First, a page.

FILED IN: Parenting

One Mother’s Comfort Is Another Child’s Misfortune

It’s been a rather warm winter — we fired up the barbecue more in December, than we did all summer, it seems — and now they’re calling for an unusually cold spring, here in Jersey. What is up with the weather, lately? Yeah, you too? I know! It’s taken a toll on my children’s respiratory systems, too – my youngest being hit the hardest a few short weeks ago – but, life goes on and we are steadily getting through another school year, sick.

On a different day (as Mini-me is so fond of saying) when the children were much younger, staying home made very little difference to our schedules, other than racing to the Pediatrician’s office (once a week, it seemed) and then choosing between taking a nap, watching a video or doing laundry. Either way, with sick babies at home, I was afforded very little time (or energy) for anything else, besides making my children as comfortable, as possible.

A self-imposed pajama day, sort of.

These days, I’ve gone back to appreciating the true meaning behind the most beloved of all acronyms (TGIF!) as my family and I — along with eleventy million other people — prepare ourselves for yet ANOTHER work week.

“I don’t feel very well.”

And those ARE the five words that perhaps all parents dread the most – the ones we know, anyway.

“Okay – no fever, no cough, no puke – you’ll be fine.”

These days, I find myself gauging my children’s level of illness — I’m sorry, but there ARE so many — not only by the weather, but by taking into consideration the amount of patience and/or the length of that last nerve, I’ve got left.

Especially, in the spring — if it’s nice out, then the fresh air and sunshine will do them good, yes?

I am a bit embarrassed to admit, however, that I very rarely manage to get outdoors (or, out of my pajamas) myself. The trouble with being a SAHM is that keeping up with my housewifely duties becomes a big pain in the drawstrings; especially, when there is a sick kid in the house.

“Hello, Mrs. Thompson, Mini-me says she’s not feeling well and wants to come home.”

Ugh.

“Did she puke…is she feverish…I mean, how sick IS she?”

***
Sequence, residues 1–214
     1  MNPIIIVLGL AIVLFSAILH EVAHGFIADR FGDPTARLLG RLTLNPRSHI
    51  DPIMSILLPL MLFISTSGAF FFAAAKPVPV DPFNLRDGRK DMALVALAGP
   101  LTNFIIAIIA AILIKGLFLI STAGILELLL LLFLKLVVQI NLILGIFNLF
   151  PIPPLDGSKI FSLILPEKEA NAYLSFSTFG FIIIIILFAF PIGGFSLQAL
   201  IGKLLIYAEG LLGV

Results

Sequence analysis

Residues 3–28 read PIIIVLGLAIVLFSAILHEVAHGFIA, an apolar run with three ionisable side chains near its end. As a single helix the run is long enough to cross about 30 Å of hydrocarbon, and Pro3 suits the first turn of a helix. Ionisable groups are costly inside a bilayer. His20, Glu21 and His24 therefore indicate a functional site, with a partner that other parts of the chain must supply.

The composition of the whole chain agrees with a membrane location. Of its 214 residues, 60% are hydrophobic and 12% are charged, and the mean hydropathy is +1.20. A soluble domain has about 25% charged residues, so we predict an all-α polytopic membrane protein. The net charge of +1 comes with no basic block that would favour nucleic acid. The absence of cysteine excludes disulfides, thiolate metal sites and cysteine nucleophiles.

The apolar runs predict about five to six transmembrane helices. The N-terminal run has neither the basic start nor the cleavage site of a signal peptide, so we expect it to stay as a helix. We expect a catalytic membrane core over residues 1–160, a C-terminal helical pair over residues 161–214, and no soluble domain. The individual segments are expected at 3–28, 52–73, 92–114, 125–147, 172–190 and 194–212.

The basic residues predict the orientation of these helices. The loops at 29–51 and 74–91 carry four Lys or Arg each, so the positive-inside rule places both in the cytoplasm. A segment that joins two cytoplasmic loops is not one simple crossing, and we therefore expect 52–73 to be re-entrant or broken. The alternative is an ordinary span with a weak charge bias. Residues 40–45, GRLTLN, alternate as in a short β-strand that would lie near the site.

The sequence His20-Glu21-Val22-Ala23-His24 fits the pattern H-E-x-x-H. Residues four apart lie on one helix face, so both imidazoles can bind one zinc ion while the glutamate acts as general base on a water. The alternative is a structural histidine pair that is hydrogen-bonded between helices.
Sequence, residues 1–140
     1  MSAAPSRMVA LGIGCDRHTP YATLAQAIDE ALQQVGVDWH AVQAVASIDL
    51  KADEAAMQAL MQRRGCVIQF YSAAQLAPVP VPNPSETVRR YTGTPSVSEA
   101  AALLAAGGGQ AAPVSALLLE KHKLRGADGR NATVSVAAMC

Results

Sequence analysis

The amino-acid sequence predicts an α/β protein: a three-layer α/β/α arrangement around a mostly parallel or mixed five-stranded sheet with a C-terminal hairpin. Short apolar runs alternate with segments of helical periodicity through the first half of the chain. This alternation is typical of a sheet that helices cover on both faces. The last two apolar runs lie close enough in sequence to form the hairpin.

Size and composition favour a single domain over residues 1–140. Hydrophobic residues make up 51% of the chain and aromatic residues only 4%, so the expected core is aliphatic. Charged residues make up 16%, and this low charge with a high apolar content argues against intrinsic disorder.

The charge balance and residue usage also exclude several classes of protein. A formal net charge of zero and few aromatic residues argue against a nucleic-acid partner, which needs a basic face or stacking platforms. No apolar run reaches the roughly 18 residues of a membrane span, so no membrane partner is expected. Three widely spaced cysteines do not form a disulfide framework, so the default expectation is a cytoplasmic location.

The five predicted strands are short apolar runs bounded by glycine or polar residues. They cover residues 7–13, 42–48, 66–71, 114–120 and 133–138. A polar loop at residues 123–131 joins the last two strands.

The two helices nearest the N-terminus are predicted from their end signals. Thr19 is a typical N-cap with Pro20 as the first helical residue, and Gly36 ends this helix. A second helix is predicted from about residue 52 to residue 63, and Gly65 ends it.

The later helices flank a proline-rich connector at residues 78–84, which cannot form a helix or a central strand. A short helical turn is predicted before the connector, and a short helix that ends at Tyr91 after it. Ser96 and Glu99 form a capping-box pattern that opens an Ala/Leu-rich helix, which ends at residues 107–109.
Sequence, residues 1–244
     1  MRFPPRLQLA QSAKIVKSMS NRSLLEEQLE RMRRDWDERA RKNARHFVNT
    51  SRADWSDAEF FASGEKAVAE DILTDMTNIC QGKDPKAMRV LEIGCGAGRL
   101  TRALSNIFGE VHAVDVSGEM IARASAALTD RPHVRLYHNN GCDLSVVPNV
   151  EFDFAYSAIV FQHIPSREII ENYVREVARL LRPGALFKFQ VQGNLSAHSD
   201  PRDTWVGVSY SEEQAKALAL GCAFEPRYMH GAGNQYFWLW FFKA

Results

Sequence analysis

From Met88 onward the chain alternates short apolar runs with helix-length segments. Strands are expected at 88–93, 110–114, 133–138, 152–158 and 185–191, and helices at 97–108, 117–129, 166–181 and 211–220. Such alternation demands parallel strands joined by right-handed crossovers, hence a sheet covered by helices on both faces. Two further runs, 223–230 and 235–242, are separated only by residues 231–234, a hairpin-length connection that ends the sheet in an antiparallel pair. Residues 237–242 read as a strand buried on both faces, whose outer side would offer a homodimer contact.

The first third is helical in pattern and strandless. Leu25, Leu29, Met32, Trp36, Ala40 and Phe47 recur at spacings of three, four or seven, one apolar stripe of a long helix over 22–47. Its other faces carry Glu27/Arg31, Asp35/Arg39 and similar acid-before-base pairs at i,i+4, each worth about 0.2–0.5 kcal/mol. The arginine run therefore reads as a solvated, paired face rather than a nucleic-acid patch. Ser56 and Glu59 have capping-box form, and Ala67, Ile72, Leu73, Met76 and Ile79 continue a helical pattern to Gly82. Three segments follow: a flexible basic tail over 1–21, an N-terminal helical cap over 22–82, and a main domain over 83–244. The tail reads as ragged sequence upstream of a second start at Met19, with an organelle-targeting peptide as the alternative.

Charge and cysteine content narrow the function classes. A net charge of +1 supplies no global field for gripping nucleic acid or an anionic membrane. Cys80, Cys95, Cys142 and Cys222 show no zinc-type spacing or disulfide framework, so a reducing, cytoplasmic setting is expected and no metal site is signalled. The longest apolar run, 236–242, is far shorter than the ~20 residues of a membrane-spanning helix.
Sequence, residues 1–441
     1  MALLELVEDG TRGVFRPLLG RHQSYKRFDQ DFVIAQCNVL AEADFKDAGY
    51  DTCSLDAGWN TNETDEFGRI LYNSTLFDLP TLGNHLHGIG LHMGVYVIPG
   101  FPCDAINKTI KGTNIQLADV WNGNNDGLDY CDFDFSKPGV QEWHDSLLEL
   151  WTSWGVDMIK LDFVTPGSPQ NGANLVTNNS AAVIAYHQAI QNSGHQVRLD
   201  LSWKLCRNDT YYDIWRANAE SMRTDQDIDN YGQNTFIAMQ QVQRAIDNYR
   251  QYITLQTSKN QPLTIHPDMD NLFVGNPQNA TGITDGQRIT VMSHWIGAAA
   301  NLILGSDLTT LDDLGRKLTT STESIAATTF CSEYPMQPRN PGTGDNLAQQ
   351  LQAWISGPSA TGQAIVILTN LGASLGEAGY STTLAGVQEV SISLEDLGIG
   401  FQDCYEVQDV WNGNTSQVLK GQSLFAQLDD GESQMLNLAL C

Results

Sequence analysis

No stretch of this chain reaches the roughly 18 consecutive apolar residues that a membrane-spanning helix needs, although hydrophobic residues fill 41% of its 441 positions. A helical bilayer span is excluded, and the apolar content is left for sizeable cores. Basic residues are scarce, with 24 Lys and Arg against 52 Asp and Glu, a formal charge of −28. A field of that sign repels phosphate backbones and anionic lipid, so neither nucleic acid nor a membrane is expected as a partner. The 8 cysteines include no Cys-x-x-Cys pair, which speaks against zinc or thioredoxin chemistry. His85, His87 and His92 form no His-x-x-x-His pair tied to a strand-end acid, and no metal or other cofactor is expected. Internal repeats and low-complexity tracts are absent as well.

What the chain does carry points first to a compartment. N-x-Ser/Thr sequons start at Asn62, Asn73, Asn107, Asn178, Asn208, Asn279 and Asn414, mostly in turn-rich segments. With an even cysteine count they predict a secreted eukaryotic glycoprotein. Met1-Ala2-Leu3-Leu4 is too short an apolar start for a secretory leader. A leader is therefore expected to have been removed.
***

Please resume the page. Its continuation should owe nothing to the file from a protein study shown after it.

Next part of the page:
I know that sounds terrible, but there are plenty of times when other parents have knowingly sent their children into school sick and that child is probably the one who’s coughed into my kid’s face, all day!

“Uh…no…but, she really doesn’t look good at all.”

Really?  If only the nurse could see her mother’s face, there would be no question; it’s much healthier if the child stayed in school.

“Sure – I’m home, anyway – I mean, what the hell!”

Fortunately, I hung up before saying that out loud and no one was home to hear the terrible tirade that followed — except, for the cats and killer dust bunnies — and I’m pretty sure the dog won’t be talking, anytime soon, if he knows what’s good for him.

The big Doofus!

[breathes in deep]

But, the house smells GREAT!

Now, I seek comfort in mundane things.  Like, getting down with Mr. Dyson and disinfecting This Full House of the wets and mildews, as if it were a Friday night and company were coming — a dirty dance of metaphorical proportions.

“Thing Two woke up feeling dizzy and says she has a headache.”

Swell.

“Go give her some orange juice and tell her to go back to bed.”

You know, this far into the school year, I’ve about had it with my kids in believing that they could stay home from school anytime they’re not feeling “quite right.”

What about Mommy; what if I don’t feel as if I won’t be able to make anyone feel better, right now; when was the last time anyone asked how I felt; does anyone care?

Yes, it’s a self-imposed pity party and — especially, if you’re a mom — consider yourself invited!

Besides, Thing Two was not very happy with me, already and please don’t hate me when I tell you that the feeling was mutual and my first thought was my 12-year-old was simply suffering from right-back-at-you-mommyitis!

Guess that’s why she woke her daddy.

"I’m sure she’ll be fine."

[heavy sigh]

Still.

I quietly entered the girls’ room, pushed through the wet towels and leaned in closer, so I could place a hand on her neck and check Thing Two’s…holy crap!

"Sweetie, wake up…you’re burning up!"

You know, it’s funny.

"Garth (not his real name) quick, I need the thermometer!"

Sometimes, it takes less than a minute and I feel sick (and tired) about everything and find myself believing that, YES, the whole world is out to get me!

"That’s okay, Sweetie."

Then, my kids get sick…

"Oh, please don’t cry!"

…the mommy kicks in…

"Don’t worry, Mommy’s here!"

…and all is right with the world, again.

"DANG, girlfriend…103.7!"

[eyes go wide]

"WHAT…didn’t think mommy could count that high, DID-CHUH!?!"

Being a grown up, sucks — although, I do remember the times when growing up didn’t seem that much fun, either — sometimes, it takes a child to raise a parent and that thought is enough to soothe the soul, really.

"Gotta go to work, now…feel better, sweetie…I’m sure mommy will take good care of you, today."

Yeah, me too.